The work of contemporary woman researchers counters this trend by highlighting that whoever examines history also presents it. It’s why Sciamma hired an art sociologist to help develop Portrait, so that she could reanimate this process and gain the necessary historical context to create an 18th century woman painter of her own, a microcosm of that neglected history which can now breathe for the audience.

All of this historical and philosophical exercising may seem terribly contrived. Sciamma probably felt so as well, which is why she rooted everything in a very simple principle: desire. The core of Sciamma’s experiment with artist/muse dynamics in Portrait lies in a reformulation of desire’s role in artistic creation, and how it can be transformed from something potentially exploitative into something radically collaborative and empathetic. The key to this transformation is found in both the film’s writing process and its performances. During a Q&A at the Angelika Film Center, Sciamma noted how she took her time in allowing the film to marinate in her mind, taking three years to think before writing a single word. She was in search for a structure, one that could communicate in an implicit way that love always has a future. For her, that structure rested in David Lynch’s Mulholland Drive. Within its tangled webs, Sciamma actually found something quite simple: a film that uses its shape to propose a politic and philosophy of love. It’s a testament to her razor sharp intuition that she is capable of unpacking a film as complex as Mulholland Drive and distilling it to its bare essence. It is this very intuition that made Portrait’s effortlessness possible. All of this research, all of this thinking and all of these structures are motivated by desire. What desire? In Sciamma’s words, it is about “being very, very not indulgent with your ideas. It’s about relying on very high excitement for each scene until you don’t have that excitement.”[4]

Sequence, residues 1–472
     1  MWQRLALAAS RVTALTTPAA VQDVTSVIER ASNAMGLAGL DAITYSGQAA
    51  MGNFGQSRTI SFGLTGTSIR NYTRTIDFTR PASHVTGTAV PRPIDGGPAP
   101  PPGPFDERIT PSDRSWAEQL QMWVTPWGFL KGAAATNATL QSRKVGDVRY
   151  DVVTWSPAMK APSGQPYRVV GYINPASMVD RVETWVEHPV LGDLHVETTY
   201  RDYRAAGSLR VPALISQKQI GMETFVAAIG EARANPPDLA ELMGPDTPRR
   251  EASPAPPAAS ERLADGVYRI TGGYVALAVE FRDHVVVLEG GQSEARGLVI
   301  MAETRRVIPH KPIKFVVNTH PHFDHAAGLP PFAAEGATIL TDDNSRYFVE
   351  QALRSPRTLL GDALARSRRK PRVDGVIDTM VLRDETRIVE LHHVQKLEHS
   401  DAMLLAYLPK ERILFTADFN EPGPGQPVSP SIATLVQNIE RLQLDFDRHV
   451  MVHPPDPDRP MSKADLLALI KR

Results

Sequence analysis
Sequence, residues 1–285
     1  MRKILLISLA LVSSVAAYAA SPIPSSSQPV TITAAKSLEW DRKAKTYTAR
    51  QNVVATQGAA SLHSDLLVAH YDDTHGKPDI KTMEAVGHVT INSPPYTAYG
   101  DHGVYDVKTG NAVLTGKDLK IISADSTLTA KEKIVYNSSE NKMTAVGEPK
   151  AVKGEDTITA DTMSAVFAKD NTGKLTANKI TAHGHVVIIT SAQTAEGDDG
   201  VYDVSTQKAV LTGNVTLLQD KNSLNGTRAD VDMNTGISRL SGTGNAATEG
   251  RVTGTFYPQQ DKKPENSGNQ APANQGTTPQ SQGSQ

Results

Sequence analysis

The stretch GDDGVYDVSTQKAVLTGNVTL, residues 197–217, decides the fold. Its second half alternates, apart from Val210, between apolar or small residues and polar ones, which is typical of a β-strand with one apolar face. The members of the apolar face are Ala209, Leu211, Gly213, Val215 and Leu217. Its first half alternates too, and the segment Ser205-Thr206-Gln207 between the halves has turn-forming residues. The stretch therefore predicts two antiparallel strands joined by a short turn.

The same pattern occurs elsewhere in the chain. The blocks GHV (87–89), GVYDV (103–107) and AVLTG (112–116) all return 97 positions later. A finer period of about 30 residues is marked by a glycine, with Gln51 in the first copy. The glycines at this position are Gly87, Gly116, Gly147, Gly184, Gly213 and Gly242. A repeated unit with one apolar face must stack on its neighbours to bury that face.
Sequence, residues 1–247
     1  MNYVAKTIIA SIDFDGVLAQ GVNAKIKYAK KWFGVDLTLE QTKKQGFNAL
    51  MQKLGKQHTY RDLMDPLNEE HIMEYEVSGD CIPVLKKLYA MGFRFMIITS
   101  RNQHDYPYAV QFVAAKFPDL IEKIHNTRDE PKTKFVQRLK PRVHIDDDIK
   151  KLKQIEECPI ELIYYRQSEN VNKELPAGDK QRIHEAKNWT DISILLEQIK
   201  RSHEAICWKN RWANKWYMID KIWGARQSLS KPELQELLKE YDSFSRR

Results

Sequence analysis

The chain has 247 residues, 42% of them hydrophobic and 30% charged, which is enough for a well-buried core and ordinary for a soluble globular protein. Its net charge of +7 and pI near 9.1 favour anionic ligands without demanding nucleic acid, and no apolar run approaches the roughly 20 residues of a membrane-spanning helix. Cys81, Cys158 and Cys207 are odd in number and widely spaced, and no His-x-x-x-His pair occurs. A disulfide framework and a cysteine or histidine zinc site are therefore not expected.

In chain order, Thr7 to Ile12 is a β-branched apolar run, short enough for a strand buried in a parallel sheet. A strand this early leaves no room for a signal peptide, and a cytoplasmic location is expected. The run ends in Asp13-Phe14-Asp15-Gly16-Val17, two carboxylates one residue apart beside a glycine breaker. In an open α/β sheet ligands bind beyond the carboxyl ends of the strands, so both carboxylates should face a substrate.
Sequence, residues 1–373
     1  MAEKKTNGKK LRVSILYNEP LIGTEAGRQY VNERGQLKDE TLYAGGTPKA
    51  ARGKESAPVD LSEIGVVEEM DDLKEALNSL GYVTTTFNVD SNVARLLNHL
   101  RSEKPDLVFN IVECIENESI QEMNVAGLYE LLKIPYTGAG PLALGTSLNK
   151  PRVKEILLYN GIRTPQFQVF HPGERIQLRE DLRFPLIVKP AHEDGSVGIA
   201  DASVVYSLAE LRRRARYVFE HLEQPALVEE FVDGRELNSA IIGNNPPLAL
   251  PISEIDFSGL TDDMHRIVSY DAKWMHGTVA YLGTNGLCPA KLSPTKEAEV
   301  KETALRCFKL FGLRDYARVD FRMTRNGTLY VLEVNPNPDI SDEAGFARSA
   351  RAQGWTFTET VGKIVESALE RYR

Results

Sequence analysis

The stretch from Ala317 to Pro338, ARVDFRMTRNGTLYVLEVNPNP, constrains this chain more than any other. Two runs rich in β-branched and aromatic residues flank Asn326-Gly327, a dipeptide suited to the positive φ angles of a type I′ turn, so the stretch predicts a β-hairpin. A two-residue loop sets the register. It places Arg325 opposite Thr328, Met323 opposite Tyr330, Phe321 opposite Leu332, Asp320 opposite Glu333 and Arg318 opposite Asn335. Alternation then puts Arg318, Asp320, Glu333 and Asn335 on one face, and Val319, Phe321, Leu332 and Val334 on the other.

Noémie Merlant and Adèle Haenel understood the same principles. They both walked on set without a single minute of rehearsal under their belt, taking the same risk that their characters do. Sure, Portrait’s imagination exists in concrete objects like the costumes and hairstyles Merlant and Haenel don throughout the film. But the silhouette of a character will never shape up to the authenticity of performance. The moment Sciamma calls action, the moment Haenel makes her first move and the moment Merlant makes her first response are all leaps of faith, a balancing act of freedom and caution, confidence and fear, bound by an artistic understanding of restraint and tastefulness. In an interview with Vulture, Merlant describes the process as one where “you just try to find details, and just feel the details…to fill in, and to hold back things.”[5] Portrait is a film that never feels strained because it knows where its pockets are, having been the product of many years of consideration paired with a flowing, multi-layered intuition of nuance.